Can you explain what you mean by task overrun? The way I would interpret that doesn’t have any meaning in the context of a preemptive scheduler like VxWorks uses.
If you’re looking for a way for multiple tasks of the same priority to share the processor (in C++), the docs say you can enable round-robin scheduling by using taskLib’s kernelTimeSlice() function, which accepts the round-robin time-slice period as a parameter. Tasks always run if they have the highest task priority that is ready to run (as before), but after enabling round-robin, if you have multiple tasks at that priority, each task will be allowed to execute, in tern, until either its time slice has elapsed or the task blocks. You can can call taskDelay(NO_WAIT) if you want to place the current task at the end of the run queue without any delay.
Let’s say you have a periodic task which is supposed to run once every 10ms, but on the Nth iteration it does not complete in 10ms. That’s what I meant by an overrun. Various things could cause this, for example the code waiting for a resource, or being preempted too often by higher priority tasks, or taking an unusual execution path.
Ah, then from what I know, Todd is correct. Which would make any of your four original options possible, assuming you use round-robin scheduling. For (1) the queue size would be dependent on your implementation and available memory, and since VxWorks does not appear to define a hard maximum number of tasks (4) would be limited by memory.
I would expect that a knowledgeable programmer could make the code behave like any one of those options. I was wondering what the “default” behavior is, for folks who use the framework and don’t do anything too far out of the ordinary (like changing/tuning the scheduling algorithm).
If I had a requirement or an expectation* that a task should never overrun, I’d add runtime code to monitor and report it. I’d leave this code in place for all in-house testing and practice, and probably for competition too.
If there’s an overrun where I completely expected there would never be one, I’d want to know it. It could point to a coding or design error, or even a fundamental misunderstanding of how the system works.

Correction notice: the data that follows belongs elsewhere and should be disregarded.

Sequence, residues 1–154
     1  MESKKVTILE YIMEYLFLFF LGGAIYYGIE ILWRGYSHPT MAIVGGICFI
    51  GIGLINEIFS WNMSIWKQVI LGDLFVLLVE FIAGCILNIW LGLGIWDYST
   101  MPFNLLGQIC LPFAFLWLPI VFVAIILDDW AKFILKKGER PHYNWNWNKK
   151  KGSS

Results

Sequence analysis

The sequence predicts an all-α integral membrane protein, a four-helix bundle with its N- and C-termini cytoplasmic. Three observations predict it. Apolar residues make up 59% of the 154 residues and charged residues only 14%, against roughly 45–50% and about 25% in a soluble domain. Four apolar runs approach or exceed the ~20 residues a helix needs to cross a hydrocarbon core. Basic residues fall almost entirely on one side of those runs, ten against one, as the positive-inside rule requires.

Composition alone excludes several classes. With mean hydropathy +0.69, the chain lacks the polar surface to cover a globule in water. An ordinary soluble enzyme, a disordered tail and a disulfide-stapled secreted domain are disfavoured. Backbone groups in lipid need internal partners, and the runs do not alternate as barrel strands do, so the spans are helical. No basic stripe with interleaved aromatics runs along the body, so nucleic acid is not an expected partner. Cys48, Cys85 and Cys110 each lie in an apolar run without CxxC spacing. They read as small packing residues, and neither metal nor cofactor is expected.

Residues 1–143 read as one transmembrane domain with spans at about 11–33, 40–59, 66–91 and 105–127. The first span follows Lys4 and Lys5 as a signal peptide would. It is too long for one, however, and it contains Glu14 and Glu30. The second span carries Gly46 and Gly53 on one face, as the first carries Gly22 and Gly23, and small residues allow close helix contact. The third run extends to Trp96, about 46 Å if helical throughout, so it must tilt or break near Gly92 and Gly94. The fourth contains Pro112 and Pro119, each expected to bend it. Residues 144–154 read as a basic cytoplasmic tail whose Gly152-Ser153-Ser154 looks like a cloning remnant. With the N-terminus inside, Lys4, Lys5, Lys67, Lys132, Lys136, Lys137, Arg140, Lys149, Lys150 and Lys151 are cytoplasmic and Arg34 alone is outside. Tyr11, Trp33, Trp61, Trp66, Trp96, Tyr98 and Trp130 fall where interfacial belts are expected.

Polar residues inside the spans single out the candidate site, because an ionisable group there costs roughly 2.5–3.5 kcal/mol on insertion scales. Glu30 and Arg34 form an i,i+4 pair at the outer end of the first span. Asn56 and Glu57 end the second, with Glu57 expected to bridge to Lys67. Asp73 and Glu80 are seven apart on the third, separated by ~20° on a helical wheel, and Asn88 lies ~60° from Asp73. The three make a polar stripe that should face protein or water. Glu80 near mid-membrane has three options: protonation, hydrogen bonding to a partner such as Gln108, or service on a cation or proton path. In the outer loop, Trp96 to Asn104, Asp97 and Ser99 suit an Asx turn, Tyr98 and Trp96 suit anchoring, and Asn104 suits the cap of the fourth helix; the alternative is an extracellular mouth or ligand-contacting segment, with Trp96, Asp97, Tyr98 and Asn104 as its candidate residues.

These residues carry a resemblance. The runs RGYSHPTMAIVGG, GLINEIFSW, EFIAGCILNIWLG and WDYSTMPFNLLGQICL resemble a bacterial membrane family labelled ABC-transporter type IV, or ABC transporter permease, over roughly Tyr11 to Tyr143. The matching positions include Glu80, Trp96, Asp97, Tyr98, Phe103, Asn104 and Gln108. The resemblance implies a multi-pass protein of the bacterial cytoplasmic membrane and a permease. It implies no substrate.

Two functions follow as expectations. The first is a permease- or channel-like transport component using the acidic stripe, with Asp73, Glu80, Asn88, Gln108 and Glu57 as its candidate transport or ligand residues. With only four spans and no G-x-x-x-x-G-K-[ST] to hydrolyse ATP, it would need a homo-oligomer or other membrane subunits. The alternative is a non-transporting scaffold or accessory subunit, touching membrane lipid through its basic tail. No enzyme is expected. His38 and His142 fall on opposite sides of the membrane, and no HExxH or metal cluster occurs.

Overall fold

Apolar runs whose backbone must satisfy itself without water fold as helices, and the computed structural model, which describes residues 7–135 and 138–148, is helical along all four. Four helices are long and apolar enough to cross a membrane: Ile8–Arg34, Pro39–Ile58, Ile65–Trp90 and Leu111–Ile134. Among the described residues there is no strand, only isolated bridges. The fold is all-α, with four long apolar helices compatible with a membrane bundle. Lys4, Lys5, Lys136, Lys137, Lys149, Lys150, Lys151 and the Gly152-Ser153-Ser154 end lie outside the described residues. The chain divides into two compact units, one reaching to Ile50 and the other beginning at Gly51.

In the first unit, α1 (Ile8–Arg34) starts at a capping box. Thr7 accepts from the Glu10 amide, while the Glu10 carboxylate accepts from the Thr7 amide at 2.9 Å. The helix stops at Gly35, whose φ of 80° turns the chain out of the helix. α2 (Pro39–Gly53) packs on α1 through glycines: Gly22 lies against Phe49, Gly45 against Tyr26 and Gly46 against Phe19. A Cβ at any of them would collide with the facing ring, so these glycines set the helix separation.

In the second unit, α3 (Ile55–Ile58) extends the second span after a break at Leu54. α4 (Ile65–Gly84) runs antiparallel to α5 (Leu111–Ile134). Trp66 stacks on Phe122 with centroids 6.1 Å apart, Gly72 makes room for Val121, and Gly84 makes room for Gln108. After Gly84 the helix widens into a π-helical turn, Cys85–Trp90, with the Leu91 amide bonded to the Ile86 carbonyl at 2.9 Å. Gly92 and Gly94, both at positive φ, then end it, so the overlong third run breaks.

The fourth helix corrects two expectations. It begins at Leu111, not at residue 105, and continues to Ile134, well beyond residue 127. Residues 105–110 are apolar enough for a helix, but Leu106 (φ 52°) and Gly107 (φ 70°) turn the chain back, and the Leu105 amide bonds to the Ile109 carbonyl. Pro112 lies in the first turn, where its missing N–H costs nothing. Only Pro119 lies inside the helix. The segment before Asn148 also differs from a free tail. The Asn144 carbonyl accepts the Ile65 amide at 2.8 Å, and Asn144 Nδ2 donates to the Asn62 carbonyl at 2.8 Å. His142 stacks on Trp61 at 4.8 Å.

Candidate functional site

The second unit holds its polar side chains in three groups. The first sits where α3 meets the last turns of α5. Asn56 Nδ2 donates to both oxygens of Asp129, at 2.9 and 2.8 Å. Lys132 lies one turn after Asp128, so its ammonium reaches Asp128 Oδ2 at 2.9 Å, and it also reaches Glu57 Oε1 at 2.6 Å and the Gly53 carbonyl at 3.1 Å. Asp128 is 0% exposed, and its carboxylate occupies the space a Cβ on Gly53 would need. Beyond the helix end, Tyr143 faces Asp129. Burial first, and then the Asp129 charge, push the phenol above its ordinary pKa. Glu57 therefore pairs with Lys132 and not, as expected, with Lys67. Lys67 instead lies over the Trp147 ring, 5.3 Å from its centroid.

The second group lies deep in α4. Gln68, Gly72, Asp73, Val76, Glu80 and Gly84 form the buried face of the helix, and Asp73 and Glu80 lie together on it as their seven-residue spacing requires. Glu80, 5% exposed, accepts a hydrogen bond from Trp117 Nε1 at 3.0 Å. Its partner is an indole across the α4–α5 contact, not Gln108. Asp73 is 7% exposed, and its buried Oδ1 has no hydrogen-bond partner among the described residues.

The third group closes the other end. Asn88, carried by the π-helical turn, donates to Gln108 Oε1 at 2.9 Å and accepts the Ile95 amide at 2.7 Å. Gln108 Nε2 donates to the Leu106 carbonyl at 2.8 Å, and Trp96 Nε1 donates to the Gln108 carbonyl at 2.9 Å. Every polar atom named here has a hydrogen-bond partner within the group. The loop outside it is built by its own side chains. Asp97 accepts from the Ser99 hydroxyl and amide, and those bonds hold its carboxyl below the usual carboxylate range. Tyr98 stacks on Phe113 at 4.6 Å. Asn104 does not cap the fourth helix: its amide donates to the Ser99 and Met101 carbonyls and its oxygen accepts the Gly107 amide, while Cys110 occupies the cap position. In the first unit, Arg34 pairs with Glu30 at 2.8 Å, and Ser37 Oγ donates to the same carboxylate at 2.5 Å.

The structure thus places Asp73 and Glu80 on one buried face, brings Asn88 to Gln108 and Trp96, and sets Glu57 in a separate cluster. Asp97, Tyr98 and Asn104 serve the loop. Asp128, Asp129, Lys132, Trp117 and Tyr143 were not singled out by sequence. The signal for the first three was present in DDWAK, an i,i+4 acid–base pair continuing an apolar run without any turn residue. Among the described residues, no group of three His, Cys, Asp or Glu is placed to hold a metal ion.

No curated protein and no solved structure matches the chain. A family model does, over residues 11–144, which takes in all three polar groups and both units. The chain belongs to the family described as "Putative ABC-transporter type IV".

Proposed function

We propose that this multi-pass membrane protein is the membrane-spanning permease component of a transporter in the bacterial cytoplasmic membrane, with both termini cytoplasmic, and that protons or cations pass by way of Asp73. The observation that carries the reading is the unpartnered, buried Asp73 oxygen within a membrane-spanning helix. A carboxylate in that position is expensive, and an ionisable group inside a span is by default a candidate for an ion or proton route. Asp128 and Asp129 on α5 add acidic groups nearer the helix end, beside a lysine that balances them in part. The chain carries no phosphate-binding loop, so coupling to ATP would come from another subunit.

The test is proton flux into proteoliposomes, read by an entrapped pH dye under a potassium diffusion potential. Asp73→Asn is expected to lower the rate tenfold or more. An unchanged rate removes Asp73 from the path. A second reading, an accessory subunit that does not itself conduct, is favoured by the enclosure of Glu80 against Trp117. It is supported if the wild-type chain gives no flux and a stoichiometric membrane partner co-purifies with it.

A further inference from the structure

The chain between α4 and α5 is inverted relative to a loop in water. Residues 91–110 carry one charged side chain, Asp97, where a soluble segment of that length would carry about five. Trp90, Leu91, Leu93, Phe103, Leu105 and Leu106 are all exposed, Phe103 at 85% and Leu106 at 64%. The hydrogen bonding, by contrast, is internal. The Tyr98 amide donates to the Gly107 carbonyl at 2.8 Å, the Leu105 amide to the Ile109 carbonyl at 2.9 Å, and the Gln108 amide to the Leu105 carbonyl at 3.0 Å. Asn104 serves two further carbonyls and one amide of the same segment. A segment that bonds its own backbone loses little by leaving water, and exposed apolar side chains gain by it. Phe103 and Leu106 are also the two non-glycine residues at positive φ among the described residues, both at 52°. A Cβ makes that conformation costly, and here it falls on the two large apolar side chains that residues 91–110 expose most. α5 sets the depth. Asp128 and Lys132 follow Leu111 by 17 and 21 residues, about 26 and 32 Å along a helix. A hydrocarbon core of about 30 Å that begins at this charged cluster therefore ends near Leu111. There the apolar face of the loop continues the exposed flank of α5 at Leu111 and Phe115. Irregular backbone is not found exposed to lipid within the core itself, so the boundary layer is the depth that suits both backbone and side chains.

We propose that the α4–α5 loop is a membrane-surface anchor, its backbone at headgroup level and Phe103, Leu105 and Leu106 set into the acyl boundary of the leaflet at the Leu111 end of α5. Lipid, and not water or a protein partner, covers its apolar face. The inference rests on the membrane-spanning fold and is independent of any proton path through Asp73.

I had wanted to try this for next year (we had some issues where our robot was hung up waiting for an input), but I didn’t know how effectively I could have code monitor other code without things running in parallel. I’m no expert about our control system, but I thought that only one thread runs a time.
In my workplace I’ve worked with VxWorks solutions where a task is spawned to act as a watchdog of other tasks, both for reporting purposes during development, and sometimes to ensure that a fault is raised in critical subsystems where the operator must be made aware of an equipment failure as soon as possible. This is usually done with some relatively trivial mutex trickery and a registry for how often every task should complete.
Like mentioned before, the VxWorks scheduler by default (the only iteration of it I’ve worked with, though I’m sure there are others) is a strictly priority driven system, where if task 1 has a higher priority than task 2, and is not asleep, then task 1 is running and task 2 is waiting, with no concept of ‘high level’ scheduling.
I think java has some more advanced java library scheduling implementations, but I’m not familiar with any of them beyond basic threads, and they may not all be supported on our hardware.
Labview, like Greg mentioned, is its own whole separate bear, but I think that a system like you’re talking about could be implemented in any of the three, with varying amounts of effort.
Java looks like it uses the standard java.util.Timer/TimerTask. According to the docs:
The C++ version of WPIlib includes the Notifier class which seems to fill the periodic task niche. The code looks like it follows (1), however the task queue is shared globally among all instances of Notifier, so not only does a long-running task block successive instances of itself, it will block other periodic tasks as well. As you say, a knowledgeable programmer could modify this for better behavior with a long-running task by spawning a new task in the handler to complete the periodic job.